Friday 15 March 2013

Want to live somewhere nice? Be ready to work longer

Posted by Teresa Schlueter, LSE and SERC

Everyone knows that both wages and the cost of living vary a great deal across the UK. There’s a lively debate about this, not least rows about benefit cuts and the 'bedroom tax'. Many commentators think workers on low or moderate incomes living in high price areas face an affordability problem. Others argue that these areas are more desirable places to live, workers might face lower real wages - but get better amenities in return.

These debates miss some important questions. For example, what’s the effect of real wage differences on the hours people work? To get by, poorer workers in high-price areas might have to work longer hours than similar workers in cheaper places. Alternatively, high-income people in high-price areas might trade off cash for leisure time. Understanding these choices helps policymakers understand just how ‘liveable’ some cities are.  

In a recently published SERC Discussion Paper I study the effects of differences in the regional real wage on labour supply. I use information on individual workers who move across different labour market areas, which allows me to see how working hours change when people change address.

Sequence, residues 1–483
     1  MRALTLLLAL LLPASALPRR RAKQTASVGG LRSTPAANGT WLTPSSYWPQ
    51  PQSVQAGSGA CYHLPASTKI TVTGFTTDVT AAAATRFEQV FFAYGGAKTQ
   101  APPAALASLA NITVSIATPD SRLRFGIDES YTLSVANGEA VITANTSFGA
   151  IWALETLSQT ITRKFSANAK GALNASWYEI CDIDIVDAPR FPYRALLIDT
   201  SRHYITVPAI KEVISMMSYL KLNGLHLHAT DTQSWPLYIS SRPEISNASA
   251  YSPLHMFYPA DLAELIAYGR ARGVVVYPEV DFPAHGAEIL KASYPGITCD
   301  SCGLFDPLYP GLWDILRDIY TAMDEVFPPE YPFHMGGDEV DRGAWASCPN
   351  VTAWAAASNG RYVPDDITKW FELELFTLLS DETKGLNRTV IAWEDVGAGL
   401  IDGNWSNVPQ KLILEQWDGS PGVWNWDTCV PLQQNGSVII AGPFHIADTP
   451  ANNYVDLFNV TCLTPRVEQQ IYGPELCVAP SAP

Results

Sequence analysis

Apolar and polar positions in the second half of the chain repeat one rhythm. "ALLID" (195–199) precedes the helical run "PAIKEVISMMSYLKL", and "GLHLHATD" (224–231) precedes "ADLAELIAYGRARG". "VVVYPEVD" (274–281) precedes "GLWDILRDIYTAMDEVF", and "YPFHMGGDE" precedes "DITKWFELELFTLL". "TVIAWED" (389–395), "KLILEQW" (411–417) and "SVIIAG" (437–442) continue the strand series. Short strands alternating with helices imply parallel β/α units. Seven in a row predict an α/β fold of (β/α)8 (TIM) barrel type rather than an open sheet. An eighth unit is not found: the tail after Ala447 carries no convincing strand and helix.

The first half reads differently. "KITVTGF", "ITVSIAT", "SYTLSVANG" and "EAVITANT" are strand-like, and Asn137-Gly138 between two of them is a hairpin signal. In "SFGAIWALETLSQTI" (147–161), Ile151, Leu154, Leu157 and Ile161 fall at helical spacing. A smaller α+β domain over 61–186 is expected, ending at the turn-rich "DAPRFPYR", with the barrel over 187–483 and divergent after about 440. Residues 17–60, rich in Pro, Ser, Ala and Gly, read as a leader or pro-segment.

Regional differences in working hours are quite substantial: in North West Devon the average is 31 hours per week, whereas people in Rugby work about 4 hours more per week. Similarly, the share of part-time workers in the workforce ranges from 23.4 % in Newbury to 44.7 % in North West Devon.

I then test the connection between real wages and working time, using a real wage index calculated by Steve Gibbons, Henry Overman and Guilherme Resende. I find that workers who move to lower real wage areas increase their working time: a 1000 Pound change in the annual real wage puts about 10 minutes on the working week. 

I also find that workers in nicer places put in more hours, not less. Attributes that make an area a nicer place to live (e.g. sunshine duration) increase working hours whereas attributes that make an area a less nice place to live (e.g. a lot of rain fall) decrease working hours.

As you would expect, these links matter more for lower skilled workers (who are likely to earn less). A low skilled worker who moves to an area with low real wage increases his working hours by about 0.5 % more than a high skilled worker. Low skilled workers work up to one hour longer per week than high skilled workers when moving from the highest to the lowest real wage labour market.

All of which suggests affordability is the key consideration for people living in high-cost cities. High-skilled workers pay for amenities in monetary terms only, low skilled workers who have generally lower incomes also “pay” by reducing their leisure time.